Another amazing benefit of volunteering is that we get special early volunteer screenings. These are almost always guaranteed entry and also act as a really nice reunion with all the faces I haven’t seen in a year.
This year’s first volunteer screening was the documentary “The Overnighters”.
One line review: “This film captures the dark side of a booming industry in America, and follows a lone man as he fights to support a struggling group of men seeking work. While the subject matter of this film is fascinating and very important, the storytelling is meandering and doesn’t serve the content well.”
Overall, the subject matter for this documentary was very strong. I was constantly captured by this side of America I had never seen before, but also saddened by it. The pastor they follow is one of the most compelling documentary subjects I think I’ve seen. He’s completely saturated with compassion and love, but as the doc goes on you wonder if it’s genuine or being expressed in excess for other reasons. There’s no question that he doesn’t sincerely care about helping people, but what motivates you to help other people is a different matter altogether.
While I wanted so badly to be constantly engaged in this film, it meandered a lot. The struggle is there are so many interesting stories that take place within this film that it starts to get cluttered. It doesn’t feel like anything was let go. It needs to work on developing its arc just a little bit more and streamlining the content to support the ending….speaking of which…..!
The film takes a complete blindsiding turn towards the end that will definitely make you go “…huh??” From what we learned after the screening, this bit was added last minute because it was a very recent development that they felt was important to include….but that’s exactly how it feels in the film: “tacked on the end”. Ideally they should go through the whole piece and incorporate more of a build to their new ending, but also they need to trim the fat on a lot of other stories that end up feeling excessive. The way the film ends is definitely an incredible irony and gives a nice (sad) full circle to the piece, and so I think it belongs there, it just doesn’t feel like it does yet.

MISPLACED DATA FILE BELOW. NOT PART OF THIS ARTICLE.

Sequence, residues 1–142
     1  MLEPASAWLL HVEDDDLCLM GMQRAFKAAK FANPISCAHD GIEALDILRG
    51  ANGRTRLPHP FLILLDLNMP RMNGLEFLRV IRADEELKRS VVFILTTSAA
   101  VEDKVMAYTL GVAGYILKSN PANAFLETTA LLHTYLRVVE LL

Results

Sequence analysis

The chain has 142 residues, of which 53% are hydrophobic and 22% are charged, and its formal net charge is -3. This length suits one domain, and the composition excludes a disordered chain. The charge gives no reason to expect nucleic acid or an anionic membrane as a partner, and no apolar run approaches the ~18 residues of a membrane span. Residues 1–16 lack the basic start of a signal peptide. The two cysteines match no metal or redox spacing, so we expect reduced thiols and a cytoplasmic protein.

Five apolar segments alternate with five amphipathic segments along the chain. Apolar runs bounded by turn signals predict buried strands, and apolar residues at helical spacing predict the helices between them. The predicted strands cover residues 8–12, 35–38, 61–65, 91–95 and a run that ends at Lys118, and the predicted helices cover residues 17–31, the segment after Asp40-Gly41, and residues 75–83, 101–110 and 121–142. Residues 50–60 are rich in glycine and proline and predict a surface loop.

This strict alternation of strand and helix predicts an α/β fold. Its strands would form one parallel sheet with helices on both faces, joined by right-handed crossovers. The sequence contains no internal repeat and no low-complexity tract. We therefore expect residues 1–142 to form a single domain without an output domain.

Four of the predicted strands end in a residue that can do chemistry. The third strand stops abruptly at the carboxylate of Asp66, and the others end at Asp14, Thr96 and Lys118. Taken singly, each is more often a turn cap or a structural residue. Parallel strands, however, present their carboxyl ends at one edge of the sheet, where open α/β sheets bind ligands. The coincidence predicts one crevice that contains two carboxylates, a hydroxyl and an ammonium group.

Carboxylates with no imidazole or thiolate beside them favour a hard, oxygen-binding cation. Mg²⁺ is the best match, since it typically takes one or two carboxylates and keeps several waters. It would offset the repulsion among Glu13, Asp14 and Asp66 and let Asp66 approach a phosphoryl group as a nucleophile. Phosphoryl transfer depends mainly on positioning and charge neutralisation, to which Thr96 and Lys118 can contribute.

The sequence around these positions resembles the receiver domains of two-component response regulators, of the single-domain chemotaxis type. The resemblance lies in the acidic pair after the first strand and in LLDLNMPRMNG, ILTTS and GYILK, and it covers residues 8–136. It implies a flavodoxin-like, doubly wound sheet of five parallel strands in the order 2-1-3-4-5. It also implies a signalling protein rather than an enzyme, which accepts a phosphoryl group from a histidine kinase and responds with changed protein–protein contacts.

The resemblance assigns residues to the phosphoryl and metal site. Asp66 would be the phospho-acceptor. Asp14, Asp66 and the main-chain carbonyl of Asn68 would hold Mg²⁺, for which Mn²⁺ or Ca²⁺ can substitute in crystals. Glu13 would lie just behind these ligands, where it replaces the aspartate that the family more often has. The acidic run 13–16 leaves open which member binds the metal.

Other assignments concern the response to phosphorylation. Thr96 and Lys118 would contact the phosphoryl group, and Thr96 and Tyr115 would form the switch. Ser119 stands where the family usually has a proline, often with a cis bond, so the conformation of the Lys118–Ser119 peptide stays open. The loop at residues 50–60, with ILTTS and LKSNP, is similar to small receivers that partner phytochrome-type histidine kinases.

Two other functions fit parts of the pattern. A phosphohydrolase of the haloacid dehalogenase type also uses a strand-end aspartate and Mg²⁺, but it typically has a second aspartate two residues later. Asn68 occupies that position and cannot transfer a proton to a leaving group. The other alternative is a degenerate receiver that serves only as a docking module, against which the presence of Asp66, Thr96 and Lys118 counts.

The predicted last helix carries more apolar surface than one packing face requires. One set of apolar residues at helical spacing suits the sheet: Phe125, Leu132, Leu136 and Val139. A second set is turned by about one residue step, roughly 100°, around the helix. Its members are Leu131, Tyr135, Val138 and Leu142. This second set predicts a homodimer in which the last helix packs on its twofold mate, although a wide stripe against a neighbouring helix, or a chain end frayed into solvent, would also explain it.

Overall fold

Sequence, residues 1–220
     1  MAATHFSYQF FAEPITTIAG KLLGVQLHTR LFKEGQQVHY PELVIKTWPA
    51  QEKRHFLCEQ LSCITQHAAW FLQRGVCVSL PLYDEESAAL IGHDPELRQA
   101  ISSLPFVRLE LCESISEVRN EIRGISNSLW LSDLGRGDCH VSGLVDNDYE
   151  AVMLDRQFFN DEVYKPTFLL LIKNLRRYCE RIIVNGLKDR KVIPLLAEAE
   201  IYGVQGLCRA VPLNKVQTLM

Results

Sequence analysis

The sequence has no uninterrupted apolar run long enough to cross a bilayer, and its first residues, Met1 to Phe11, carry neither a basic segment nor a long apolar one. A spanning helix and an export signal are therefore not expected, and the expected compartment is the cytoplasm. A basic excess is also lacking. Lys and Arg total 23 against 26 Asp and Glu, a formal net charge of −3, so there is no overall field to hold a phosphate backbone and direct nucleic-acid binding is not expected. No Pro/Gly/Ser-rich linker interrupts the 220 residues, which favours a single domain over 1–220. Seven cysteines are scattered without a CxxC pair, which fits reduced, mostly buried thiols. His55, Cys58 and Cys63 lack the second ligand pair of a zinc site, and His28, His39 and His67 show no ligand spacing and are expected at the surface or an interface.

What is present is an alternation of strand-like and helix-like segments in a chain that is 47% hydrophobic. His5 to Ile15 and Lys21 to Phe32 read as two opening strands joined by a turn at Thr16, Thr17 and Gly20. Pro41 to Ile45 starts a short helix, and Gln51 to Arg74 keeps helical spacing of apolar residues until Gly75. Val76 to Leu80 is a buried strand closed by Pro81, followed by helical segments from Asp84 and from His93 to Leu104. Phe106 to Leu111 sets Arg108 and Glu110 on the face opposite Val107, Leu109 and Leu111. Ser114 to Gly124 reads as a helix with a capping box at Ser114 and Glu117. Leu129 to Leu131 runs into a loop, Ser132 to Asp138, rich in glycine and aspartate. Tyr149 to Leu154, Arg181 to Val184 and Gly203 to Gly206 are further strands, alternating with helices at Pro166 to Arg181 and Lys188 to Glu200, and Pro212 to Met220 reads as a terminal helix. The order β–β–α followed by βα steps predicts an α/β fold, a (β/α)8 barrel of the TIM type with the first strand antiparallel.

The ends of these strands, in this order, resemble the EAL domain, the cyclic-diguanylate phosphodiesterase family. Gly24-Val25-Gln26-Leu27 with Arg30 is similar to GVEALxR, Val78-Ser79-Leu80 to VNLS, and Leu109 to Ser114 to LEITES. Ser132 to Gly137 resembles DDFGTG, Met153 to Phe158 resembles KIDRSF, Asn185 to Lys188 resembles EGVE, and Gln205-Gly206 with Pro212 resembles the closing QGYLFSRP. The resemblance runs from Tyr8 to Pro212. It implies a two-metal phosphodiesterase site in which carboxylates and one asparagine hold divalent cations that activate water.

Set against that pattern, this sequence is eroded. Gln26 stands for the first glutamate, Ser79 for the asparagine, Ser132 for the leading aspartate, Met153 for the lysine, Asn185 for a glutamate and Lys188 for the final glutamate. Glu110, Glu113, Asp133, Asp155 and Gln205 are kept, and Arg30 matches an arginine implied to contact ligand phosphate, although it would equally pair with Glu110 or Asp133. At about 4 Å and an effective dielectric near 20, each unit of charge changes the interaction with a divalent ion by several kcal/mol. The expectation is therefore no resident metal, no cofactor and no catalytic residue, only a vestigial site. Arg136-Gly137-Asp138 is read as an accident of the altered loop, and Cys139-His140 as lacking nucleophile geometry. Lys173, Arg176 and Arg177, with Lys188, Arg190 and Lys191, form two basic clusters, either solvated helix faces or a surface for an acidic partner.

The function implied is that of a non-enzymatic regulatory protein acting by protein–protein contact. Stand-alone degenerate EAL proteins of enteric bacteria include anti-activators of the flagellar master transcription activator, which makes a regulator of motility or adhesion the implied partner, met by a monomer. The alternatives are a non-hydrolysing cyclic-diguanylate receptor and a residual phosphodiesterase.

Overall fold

Overall, I think that there is SO much compelling content and characters in this documentary that it’s definitely got something. The amount of work and compassion the pastor offers to these lost souls is just remarkable—especially considering how much the rest of the town fights against the cause.
The real issue is this film hasn’t picked a consistent theme. There are SO many important issues this film addresses, but I think they just got distracted by their incredibly fascinating lead character and lost what the film should really be about. Or maybe it should just be about Pastor Reinke? All I’m saying is: I think it just needs to be reworked a bit longer in post. Pick one story to tell and stick with it. There’s so much potential!
On to more!